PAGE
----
‘Signals’ – Sue Rynhart

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“STAND UP, MAKE IT HAPPEN, live your precious life, stay on your path and lose your way

It only took a few short excerpts to be drawn into the magic of Dublin-based vocalist and songwriter Sue Rynhart’s twelve-track album Signals. A collection of jazz-inflected folk compositions, it continues the partnership with Dan Bodwell established in 2014’s debut release Crossings. The revelation is that the perceived acoustic simplicity of voice and double bass actually presents such a richness of unpredictable artistry, with Rynhart’s imaginative and individualistic approach perhaps comparable to Björk and Lauren Kinsella, and her synergy with the multi-faceted technique of Bodwell endlessly compelling (so much so that a shiver of emotional pleasure is never far away).

Melding melodic Irish folk tradition and enigmatic poetry with oblique, atmospheric twists, the duo radiates a beautiful, contemporary freedom of spirit. Rynhart’s pure, dextrous voice communicates her original writing in a personal, storytelling way that suggests it simply wells up from inside and demands to be heard, whilst Bodwell’s pizzicato-dancing bass is able to shift into arco lyricism and mystery. Descending-bass jazz number Be Content has a catchy familiarity, whilst smouldering Foxed couples a subtle, thrummed bass groove with Rynhart’s wide, enquiring phrases (“Oh little red fox I know you’ve been there, but today your coat looks brighter than a gemstone rare”). Dramatic whisperings and close-to-the bridge bass creaks in The Tree precede a plaintive annunciation which becomes elaborated with wisps of choral psalmody and the classically-interpreted folk of E J Moeran or Vaughan Williams; Little Sparrow‘s autumnal melancholy is simple and tender; and The Coldest Month‘s openness lilts with harmonic bass colour.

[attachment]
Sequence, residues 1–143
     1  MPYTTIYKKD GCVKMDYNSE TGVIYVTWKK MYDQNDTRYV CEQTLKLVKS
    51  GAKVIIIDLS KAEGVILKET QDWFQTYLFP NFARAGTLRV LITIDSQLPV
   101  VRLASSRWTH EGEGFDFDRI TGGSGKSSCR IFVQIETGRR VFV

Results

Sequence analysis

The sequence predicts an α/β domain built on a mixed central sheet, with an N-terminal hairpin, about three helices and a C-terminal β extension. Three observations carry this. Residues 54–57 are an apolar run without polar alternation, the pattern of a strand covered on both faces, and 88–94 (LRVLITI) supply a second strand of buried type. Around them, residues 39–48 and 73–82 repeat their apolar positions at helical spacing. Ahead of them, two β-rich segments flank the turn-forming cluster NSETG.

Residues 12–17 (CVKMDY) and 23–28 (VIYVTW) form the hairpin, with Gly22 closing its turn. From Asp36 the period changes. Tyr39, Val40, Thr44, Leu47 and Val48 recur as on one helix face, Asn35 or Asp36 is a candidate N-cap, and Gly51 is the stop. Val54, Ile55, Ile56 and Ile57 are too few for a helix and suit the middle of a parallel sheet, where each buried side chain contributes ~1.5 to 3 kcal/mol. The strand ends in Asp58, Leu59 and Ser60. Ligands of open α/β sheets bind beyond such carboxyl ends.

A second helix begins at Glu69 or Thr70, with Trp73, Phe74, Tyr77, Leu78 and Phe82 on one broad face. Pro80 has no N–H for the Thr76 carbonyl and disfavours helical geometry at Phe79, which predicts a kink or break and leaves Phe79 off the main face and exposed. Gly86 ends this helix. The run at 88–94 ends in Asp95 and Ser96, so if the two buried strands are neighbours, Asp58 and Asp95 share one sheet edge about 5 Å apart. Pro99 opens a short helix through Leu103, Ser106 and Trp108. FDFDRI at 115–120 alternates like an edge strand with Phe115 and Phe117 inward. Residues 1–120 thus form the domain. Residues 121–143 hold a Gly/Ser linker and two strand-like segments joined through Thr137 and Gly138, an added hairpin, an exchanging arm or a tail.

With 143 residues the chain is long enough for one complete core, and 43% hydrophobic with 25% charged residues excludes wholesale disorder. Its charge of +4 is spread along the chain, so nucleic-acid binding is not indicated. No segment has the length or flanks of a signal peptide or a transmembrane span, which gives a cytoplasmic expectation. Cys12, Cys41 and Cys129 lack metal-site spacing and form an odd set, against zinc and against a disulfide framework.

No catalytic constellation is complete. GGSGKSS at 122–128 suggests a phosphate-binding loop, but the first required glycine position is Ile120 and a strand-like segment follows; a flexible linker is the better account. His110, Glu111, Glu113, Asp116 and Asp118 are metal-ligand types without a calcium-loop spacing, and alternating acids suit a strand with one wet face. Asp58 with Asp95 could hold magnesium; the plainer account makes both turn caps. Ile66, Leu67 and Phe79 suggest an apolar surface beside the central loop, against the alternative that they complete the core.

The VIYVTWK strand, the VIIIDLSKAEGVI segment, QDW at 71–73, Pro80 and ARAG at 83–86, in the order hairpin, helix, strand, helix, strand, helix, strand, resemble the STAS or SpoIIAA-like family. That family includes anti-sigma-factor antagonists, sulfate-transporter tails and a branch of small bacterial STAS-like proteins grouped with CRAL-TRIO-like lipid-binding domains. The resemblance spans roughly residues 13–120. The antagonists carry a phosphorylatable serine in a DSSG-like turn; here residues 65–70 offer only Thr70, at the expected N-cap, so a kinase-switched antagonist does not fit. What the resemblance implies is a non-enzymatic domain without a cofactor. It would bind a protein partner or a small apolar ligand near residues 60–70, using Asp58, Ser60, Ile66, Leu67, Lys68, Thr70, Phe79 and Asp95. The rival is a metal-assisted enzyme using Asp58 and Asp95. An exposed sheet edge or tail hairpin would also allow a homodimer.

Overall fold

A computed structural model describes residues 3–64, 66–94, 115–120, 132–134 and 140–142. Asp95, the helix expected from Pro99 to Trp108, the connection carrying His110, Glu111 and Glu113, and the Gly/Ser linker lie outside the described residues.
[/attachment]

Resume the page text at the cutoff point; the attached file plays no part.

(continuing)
Closely layered vocals in Compassion are extraordinarily intricate, and haunting harmonies in a new interpretation of In Dulci Jubilo (with multi-instrumentalist guest Francesco Turrisi providing drum rhythm) suggest the period work of Trio Mediaeval. A contemporary edge is maintained by the dark, arco bass and fluid vocalisations of In Between, accentuated by Rynhart’s persistent mbira chimes; and Black as the Crow Flies (“Twinkle twinkle are your eyes tonight, black as the crow flies on a new moon and never went home”) stands out with its hushed tones and an especially captivating, pliant bass motif from Bodwell. Sue Rynhart paints so vividly with words and music, the repeated phrases of solo piece Summer Bell offering an impression of distant peals across endless fields; Turrisi’s baroque-ornamented then rock-grooving lute in Silliest Game perfectly complements the elegant, bittersweetness of this new Irish folk song; and Wall, Wall, Another Wall closes with a dreamy overlay of speech and floating, sung phrases.

Signals is different… original… and enchantingly transports us to another place. “Lose your way and I’ll follow you.”

Released on 28 April 2017 and available as CD or vinyl from Sue Rynhart’s website, or as a digital download from Amazon or iTunes.

 

Sue Rynhart voice, mbira, recorders, zither
Dan Bodwell double bass
with
Francesco Turrisi lute, medieval drum

suerynhart.com

mrsuesue Records – MRSUESUE 002 (2017)

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‘Khamira’ – Khamira

Khamira

EXHILARATING and mesmeric, the eponymous debut release from seven-piece Khamira fuses Welsh folk, jazz and rock with Indian classical music.